A man named Roy Tyner is about to be your new racing hero. He was the guy that commissioned the construction of and then raced a 1969 Pontiac Grand Prix NASCAR stock car. This thing was a freak in an era of wide open competition and that is saying something.
This was the only 1969 Pontiac Grand Prix NASCAR racer we know ever existed and ol Roy did it right. Power comes from a 428ci version of the famed (and insanely rare) Ram Air V tunnel port engine. The transmission was a three speed manual. The car was weirdly equipped with power windows in the rear. The stock switches look pretty odd mounted in the otherwise stripped out and roll cage enhanced gut of the car. There’s a little deck lid spoiler, those big wide steel wheels that were the hallmark of this era of competition, and the Native American chief logos on the door, representing Tyner’s heritage.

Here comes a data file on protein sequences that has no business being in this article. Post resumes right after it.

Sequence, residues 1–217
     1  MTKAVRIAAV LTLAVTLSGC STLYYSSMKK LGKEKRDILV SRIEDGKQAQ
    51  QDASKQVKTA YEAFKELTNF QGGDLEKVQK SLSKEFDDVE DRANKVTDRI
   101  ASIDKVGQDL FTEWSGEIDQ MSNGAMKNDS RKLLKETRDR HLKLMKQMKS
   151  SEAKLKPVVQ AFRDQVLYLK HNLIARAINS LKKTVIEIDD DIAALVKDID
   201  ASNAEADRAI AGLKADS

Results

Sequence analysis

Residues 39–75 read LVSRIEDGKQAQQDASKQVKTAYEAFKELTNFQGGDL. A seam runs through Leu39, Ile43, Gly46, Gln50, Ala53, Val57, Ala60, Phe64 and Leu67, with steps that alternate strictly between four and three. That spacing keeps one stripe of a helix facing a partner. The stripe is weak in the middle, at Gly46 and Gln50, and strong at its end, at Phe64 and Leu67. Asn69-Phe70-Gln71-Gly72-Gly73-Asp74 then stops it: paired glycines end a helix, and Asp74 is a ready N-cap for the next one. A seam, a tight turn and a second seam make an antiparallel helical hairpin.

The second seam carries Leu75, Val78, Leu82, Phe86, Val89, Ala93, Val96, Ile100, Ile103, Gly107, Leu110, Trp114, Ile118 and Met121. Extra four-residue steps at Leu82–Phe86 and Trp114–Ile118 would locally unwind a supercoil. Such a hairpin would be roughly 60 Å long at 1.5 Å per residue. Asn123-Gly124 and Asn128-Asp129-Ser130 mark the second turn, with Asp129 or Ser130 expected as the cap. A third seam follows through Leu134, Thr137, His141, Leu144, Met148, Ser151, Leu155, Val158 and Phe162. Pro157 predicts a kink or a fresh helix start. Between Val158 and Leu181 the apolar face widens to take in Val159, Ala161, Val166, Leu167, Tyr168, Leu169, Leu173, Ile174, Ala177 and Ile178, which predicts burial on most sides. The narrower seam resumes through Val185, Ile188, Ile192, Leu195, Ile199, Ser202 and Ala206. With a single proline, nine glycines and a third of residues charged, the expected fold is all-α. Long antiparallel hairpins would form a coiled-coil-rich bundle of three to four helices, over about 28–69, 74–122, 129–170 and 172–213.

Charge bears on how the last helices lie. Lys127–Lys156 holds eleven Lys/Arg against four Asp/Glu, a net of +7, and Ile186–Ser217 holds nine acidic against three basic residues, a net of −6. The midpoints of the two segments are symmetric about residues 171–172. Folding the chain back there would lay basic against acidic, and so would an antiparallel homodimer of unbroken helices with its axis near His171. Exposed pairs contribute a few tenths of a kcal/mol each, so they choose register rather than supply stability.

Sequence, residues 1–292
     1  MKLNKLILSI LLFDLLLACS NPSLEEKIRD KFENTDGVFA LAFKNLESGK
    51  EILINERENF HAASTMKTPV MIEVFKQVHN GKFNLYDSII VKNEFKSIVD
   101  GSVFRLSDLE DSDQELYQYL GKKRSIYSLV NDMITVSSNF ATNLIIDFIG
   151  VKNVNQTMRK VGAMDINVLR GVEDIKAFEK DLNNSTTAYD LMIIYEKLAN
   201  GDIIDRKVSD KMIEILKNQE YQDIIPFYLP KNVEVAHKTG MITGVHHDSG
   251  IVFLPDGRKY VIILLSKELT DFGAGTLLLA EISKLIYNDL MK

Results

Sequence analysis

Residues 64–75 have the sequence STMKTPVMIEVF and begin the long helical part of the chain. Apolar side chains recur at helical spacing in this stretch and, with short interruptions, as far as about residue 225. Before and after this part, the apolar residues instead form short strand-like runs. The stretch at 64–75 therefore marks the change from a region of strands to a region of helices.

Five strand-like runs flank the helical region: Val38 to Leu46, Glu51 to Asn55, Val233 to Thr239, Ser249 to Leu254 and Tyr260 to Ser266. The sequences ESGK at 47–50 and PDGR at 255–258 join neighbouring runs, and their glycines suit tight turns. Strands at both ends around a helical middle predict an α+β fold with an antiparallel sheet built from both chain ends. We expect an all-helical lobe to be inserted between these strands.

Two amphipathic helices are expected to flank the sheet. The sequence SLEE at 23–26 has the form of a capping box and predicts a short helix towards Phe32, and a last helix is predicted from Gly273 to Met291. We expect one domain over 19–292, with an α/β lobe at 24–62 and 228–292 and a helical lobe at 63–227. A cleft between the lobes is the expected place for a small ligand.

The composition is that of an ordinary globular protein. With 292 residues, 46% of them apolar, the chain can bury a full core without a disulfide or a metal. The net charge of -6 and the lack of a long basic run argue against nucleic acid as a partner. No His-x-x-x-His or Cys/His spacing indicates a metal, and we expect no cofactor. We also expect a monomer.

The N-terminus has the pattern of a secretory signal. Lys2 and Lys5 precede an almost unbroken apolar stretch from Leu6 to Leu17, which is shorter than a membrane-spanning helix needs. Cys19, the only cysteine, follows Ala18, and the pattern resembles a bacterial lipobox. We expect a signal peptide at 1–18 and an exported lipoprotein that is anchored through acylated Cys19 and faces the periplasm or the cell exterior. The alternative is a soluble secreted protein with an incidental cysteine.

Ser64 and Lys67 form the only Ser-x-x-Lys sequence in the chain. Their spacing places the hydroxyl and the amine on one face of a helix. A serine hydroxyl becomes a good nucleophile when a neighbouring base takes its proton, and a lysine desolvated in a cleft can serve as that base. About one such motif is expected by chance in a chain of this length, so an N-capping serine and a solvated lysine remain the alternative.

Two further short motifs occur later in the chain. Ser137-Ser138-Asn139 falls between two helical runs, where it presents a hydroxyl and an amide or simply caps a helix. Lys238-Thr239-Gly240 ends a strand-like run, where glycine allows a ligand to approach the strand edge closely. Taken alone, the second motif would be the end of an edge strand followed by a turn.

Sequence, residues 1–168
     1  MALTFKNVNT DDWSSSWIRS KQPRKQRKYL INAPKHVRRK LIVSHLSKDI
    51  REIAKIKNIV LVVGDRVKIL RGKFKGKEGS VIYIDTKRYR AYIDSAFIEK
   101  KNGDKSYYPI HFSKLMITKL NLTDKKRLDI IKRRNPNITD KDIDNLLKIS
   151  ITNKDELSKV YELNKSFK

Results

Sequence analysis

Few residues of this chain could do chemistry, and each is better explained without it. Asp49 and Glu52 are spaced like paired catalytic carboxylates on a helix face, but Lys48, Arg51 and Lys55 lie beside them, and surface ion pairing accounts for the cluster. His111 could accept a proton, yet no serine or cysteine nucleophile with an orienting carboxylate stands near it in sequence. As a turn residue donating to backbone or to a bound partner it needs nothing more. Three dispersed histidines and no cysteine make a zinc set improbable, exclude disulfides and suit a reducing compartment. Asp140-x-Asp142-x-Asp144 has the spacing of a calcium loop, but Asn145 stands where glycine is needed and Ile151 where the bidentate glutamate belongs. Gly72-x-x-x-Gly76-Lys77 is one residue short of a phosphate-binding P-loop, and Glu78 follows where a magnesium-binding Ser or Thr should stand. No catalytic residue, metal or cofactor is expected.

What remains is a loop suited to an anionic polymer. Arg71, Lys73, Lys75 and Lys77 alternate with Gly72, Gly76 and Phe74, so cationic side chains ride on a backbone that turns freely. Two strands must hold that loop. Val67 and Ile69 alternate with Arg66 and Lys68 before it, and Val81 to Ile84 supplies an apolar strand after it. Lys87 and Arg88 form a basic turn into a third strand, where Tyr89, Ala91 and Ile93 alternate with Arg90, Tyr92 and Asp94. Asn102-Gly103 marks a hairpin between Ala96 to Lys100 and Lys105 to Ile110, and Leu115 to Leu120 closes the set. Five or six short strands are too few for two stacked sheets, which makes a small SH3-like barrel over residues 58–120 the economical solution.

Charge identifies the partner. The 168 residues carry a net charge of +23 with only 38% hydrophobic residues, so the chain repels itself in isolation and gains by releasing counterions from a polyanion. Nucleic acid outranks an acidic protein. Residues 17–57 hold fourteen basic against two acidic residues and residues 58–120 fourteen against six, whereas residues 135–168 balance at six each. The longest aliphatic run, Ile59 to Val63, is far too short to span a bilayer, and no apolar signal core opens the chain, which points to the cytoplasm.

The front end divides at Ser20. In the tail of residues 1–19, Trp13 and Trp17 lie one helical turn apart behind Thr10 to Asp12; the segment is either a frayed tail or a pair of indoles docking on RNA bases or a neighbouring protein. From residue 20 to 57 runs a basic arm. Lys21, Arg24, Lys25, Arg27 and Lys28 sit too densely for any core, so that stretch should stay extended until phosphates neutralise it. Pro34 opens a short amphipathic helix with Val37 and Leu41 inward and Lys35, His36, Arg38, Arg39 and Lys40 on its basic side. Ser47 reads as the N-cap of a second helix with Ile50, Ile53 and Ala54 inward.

How did this car do? Well it ran 31 races in its life and exploded 10 Ram Air V engines. Keep in mind they only made a couple hundred of those, period. We’re guessing no one mangled more rare Pontiac stuff on a track than Tyner did. That’s not mocking the guy, those engines had heads that loved 7,500rpm and rods that didn’t. Not good math.
Our favorite part of this video is listening to the engine after it is fired up. The rolling anger of the big camshaft, the staccato pop of the high compression engine, the whole package is just freaking magic. This could be our new favorite stock car ever –